Introduction: Cardboard Controller for Computer Vision Game
QR codes are often used to store and send information in a quick way. ArUco markers are simpler versions of QR codes. They can afford this simplicity in design as they don't store “data”, and instead have identifiers - numbers ranging from 1-999 that are tagged to the ArUco’s layout.
The simplicity of these ArUco markers makes them a good candidate for facilitating interactions and receiving physical user input. By hiding and showing the marker, we are able to simulate two states of interaction. This allows us to create accessible interactions or buttons that require no battery power.
In this instructable, we dive into various mechanisms to facilitate interactions that are powered by ArUco markers.
What is ArUco?
Conceptually, the ArUco markers need to be clearly shown to the camera with minimal tilt (too much perspective distortion will lose the detection or cause false detection). It is also crucial to leave a white margin of at least 3mm for the computer to detect a distinct border of the square-shaped marker.
If you want to print extra markers, they can be downloaded at https://chev.me/arucogen/. The game is based on the original ArUco dictionary (specifically markers 5, 6, and 7).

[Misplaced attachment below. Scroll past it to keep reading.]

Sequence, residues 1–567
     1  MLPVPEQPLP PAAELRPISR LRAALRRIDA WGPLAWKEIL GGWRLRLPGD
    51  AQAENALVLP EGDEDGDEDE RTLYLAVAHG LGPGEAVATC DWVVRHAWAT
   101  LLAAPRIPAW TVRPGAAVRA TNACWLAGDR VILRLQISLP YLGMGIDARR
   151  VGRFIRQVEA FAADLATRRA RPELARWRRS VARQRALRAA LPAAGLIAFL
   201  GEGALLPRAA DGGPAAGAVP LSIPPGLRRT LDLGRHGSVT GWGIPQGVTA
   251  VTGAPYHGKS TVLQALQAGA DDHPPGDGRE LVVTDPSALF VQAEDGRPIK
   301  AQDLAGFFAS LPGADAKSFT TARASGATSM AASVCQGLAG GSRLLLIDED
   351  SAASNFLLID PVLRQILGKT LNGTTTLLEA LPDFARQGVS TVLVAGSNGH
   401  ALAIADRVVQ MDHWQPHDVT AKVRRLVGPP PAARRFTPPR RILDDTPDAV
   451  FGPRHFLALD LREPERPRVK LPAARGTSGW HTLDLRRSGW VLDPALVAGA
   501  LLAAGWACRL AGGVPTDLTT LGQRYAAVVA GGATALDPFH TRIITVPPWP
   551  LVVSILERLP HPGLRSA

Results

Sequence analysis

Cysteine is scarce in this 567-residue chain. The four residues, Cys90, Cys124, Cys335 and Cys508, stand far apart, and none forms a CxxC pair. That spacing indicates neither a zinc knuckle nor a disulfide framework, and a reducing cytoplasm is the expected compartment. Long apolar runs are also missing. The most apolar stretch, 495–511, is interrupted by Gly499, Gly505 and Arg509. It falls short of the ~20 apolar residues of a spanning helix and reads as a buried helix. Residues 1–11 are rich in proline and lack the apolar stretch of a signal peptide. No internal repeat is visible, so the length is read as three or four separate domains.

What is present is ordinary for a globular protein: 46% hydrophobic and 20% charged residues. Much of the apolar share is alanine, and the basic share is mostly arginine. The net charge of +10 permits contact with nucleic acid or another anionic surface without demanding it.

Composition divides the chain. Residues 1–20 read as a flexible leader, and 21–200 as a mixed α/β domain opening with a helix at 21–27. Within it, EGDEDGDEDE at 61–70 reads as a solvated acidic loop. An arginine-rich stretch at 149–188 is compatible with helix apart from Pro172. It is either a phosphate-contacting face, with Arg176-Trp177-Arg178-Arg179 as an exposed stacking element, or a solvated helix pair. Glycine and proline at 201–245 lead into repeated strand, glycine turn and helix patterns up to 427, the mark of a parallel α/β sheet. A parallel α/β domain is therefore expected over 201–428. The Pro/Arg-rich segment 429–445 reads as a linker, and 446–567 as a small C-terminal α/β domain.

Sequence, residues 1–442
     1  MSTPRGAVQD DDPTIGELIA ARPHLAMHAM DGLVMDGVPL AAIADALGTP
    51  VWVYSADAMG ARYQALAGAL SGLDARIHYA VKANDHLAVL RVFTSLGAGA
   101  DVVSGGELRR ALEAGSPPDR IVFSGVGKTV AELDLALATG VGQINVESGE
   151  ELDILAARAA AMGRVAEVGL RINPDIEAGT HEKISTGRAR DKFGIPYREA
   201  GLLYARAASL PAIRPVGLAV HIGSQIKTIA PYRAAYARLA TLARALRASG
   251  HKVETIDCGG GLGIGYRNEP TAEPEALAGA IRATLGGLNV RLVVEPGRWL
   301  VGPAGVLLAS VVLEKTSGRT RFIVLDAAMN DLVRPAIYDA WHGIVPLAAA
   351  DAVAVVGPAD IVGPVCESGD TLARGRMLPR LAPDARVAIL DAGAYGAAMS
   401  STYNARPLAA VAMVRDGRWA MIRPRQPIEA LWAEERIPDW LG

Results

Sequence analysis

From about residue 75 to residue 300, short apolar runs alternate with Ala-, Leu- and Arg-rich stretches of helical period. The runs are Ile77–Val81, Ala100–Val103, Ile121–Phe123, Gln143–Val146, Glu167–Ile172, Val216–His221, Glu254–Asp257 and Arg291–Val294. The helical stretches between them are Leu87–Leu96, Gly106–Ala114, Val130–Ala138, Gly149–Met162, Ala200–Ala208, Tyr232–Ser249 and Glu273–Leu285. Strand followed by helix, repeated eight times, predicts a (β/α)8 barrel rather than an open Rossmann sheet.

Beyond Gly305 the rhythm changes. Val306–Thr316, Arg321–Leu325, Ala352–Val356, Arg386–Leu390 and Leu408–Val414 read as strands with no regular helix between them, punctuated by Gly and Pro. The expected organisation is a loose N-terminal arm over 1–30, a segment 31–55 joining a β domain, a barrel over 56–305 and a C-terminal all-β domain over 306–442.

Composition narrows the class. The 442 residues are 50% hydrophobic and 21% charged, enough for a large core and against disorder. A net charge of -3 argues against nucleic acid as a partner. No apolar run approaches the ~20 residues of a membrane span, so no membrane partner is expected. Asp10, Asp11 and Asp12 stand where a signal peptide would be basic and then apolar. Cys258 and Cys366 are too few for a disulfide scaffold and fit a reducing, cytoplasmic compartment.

A little more on ArUco markers…
These markers are commonly used to label and track objects with computer vision. For example, to determine the pose of a robot and to track the location and orientation of objects in space for augmented reality applications.
Rock, Paper, Scissors Machine
To explore the possibilities of ArUco, we made a rock, paper, scissors game -- one where you play against the computer. The different states (rock, paper, or scissors) are tagged to specific ArUco markers. By showing and hiding these markers, we are able to play against the computer.
You can visit the game at https://interactive-materials.github.io/rock-paper-scissors/ or scan the above QR code.
How the game works
The game uses the ArUco markers in order to identify what input are you giving to the game. The objective is simple: paper beats rock, scissors beat paper, and rock beats scissors (it’s rock paper scissors c’mon). Earn high scores by defeating the computer’s output within the ever-decreasing time limit.
Essentially any DIY machine/contraption can serve you well to interface with the game as long as it is able to show only one marker at a time and it can remove the visibility of markers in between inputs (i.e. to reduce double input, especially if your marker flickers).
Cardboard Controller for Computer Vision is a project by:
Step 1: Cardboard Cutting
The concept is simple -- a see-saw with a longer handle towards the front and 3 vertical tabs with markers attached. Just like a normal see-saw, gravity will help push the longer side down, creating a responsive machine with 3 buttons. Each input, as long as you don’t hold the button, will be obscured quickly so as to increase reliability.
Here I will break down some important problem-solving that I went through in order to come up with a final design and I will provide ways of improving reliability and reducing the error rate.